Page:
I would disagree that the designation gains you that much more interest from financial institutions. Most at this point in the economic cycle can have their pick of good employees, and CFA is more of a requirement now that a lot of people have.
Top 10 MBA is more of a game changer for certain. Not only will you be considered a subject matter expert, but you will know how to work well with others, which the big companies look for.
Finally, I went through the CFA program because I didnt go to a top 50 undergad, and wanted to beef up my resume. I will let you know how that pans out next year when I apply to the big boys (top 10) now that I got the gmat out of the way.
Best of luck with the CFA tests VW, work hard and knock them out. By the time you are done with CFA (which it sounds like you are taking), studying for the GMAT will be easy.
Go onto analystforum and ask the members if theyd prefer the CFA or top MBA. Most will agree with top MBA.
Stay in school buddy. You are in a very strong program and the networks you make there will be more vaulable to you than the CFA designation. Afterward, if you want to further your career, by all means pursue the designation. Grad school is going to be more helpful in you finding a job.
Hi wswiz, I've was in the investment management business for many years and before that sales and trading with major sell-side firms before I became a consultant. Here's my quick take:
The two are not interchangeable. A CFA is great if you want to be a financial analyst, but many CFAs I know at top firms also have their MBA
An MBA is about so much more than just crunching the numbers and being a good fundamental analyst. You probably know that, so I don't have to list all the reasons why you would do well to stay in school and keep learning the other disciplines that also play into the role of financial analyst. (Strategy, marketing, operations, macroeconomics...).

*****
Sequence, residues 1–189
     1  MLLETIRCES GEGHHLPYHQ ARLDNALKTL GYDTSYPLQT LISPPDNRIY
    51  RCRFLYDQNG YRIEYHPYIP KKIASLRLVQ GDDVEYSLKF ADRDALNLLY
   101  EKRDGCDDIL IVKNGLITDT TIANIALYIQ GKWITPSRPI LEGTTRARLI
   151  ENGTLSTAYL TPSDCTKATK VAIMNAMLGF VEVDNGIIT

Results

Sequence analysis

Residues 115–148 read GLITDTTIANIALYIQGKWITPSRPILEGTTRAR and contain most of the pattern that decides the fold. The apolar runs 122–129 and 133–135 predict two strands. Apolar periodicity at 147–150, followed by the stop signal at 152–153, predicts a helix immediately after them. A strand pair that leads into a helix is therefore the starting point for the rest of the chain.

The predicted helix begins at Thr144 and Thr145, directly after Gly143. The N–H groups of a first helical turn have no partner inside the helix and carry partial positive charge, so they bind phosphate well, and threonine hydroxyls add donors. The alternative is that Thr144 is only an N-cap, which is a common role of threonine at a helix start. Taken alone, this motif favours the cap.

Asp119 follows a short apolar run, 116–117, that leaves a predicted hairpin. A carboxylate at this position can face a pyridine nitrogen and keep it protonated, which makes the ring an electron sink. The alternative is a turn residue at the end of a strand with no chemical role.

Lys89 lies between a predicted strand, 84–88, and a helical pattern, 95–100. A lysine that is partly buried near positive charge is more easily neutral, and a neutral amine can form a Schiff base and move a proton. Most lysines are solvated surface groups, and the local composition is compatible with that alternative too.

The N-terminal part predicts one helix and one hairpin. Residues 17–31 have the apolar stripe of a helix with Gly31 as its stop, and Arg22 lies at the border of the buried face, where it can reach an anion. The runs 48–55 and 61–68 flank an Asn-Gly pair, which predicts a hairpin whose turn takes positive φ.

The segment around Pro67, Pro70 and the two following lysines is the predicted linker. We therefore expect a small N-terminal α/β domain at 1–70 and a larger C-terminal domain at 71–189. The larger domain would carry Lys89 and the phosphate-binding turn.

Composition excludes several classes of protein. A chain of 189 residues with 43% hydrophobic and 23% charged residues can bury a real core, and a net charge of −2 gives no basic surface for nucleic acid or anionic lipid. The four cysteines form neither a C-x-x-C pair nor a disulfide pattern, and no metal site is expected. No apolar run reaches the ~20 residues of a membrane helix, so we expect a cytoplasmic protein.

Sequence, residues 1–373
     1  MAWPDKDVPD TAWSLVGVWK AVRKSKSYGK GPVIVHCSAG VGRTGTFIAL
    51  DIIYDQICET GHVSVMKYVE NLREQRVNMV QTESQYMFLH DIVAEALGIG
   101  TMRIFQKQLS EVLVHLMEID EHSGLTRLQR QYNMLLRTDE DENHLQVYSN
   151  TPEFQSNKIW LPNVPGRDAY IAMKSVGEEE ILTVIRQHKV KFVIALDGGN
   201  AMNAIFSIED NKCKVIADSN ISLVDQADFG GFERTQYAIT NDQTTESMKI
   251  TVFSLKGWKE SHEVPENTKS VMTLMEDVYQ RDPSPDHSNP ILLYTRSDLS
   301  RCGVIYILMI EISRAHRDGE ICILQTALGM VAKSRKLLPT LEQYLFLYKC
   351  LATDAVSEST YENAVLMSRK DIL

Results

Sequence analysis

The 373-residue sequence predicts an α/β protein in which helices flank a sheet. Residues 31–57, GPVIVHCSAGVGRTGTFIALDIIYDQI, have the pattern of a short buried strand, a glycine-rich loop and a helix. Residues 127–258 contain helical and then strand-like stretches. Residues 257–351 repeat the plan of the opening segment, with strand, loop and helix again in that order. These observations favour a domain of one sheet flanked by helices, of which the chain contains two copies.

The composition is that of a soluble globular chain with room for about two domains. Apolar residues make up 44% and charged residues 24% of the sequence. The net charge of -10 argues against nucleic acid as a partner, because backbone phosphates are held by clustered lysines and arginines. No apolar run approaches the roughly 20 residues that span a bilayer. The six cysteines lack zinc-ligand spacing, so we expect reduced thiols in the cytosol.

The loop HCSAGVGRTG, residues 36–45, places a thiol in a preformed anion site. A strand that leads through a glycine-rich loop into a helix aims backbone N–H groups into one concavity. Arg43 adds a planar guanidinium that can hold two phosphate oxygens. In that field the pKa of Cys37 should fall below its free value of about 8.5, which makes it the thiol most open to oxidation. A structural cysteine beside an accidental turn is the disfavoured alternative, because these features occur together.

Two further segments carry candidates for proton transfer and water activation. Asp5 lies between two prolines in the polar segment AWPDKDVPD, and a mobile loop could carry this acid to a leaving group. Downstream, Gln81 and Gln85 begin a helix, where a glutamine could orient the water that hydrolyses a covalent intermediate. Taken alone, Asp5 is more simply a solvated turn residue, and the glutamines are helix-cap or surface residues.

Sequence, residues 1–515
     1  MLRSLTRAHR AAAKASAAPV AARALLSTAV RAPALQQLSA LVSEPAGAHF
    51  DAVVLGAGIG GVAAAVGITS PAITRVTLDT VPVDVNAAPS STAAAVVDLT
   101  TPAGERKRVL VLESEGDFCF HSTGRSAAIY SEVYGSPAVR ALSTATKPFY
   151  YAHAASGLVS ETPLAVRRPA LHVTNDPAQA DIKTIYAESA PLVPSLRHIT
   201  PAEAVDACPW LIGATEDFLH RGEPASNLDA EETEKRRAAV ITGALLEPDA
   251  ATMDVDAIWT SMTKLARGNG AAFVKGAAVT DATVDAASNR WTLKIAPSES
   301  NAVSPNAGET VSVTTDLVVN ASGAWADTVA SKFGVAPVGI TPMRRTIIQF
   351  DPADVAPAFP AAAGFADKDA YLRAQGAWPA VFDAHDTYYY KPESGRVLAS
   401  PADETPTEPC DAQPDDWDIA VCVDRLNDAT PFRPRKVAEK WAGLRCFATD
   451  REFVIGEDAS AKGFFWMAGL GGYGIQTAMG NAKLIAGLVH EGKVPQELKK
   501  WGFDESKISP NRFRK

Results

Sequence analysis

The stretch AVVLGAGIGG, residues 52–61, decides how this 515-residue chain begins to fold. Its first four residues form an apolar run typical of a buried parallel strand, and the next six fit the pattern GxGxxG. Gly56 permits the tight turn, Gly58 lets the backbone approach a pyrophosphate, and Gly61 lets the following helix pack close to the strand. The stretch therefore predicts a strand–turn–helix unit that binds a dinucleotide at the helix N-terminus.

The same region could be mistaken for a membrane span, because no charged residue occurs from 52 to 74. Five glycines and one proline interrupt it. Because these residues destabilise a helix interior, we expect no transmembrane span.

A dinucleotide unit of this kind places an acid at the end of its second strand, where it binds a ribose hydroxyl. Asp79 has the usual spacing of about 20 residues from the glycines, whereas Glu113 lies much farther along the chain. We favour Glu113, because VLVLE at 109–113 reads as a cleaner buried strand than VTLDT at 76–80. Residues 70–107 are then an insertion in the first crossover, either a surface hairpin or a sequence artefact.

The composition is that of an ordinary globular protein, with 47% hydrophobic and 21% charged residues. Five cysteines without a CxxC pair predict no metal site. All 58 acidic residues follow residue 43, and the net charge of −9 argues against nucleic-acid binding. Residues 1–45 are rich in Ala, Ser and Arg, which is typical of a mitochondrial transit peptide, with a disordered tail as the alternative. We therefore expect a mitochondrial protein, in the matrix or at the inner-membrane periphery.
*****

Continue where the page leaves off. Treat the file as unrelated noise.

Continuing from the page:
The CFA is also a LOT of work. Ask anyone out there who has passed Level 3. It's a bear, and you will lose all of your free time for several months a year for 3 years. And then, you could not even pass unless you study a whole lot.
An MBA program is more interactive, more fun, and opens more doors in the interim. There's kind of a window of opportunity there, and you should take it. *THE CFA WILL ALWAYS BE THERE FOR YOU* But the MBA will not.
Hope that helps, Betsy
Betsy Massar Founder Master Admissions http://www.masteradmissions.com Author of Admitted: An Interactive Workbook for Getting into a Top MBA Program http://www.admittedmba.com
Good point. Yeah, I'm studying for my CFA right now. I am a registered member on analystforum already under the same username. I didn't go to a top school for undergrad and i went straight from undergrad to grad to do my MS in Finance again at a not-so-top university, which is why i'm doing the CFA now in hopes to land a pretty decent job afterwards that will pay for the rest of my CFA level exams and then apply to a pretty decent MBA program.
Although, I hear that if you have a CFA and a MSF, you don't really need an MBA anymore? What's your take on that? I'm trying to get into the investment banking business as well. I'm still pretty young (25) so I have some time but I definitely want to start working towards my goals right now.
I am honestly not familar enough with what a masters in finance to judge if its good enough.. Its tough to get in the door at an investment bank. I certainly am not qualified enough and dont know the right people.
Like most people say, you just have to network really well to make it happen. If I could trade the 1,000 hours or so of my life to the CFA for 1,000 of networking, it probably would be more fruitful. It really is a who you know industry, and a top grad school would probably do a lot for your network.
From a learning persepctive, if you have a masters in finance and the cfa, you know more than one person should ever know about finance most likely. You are pretty qualified to be an investment banker. You just dont have the network that an mba brings
thanks for the quick reply. yeah, i think you are right. i'm just trying to get the book knowledge down solid and square for now. they say knowledge is power. i'll let you know how well that theory turns out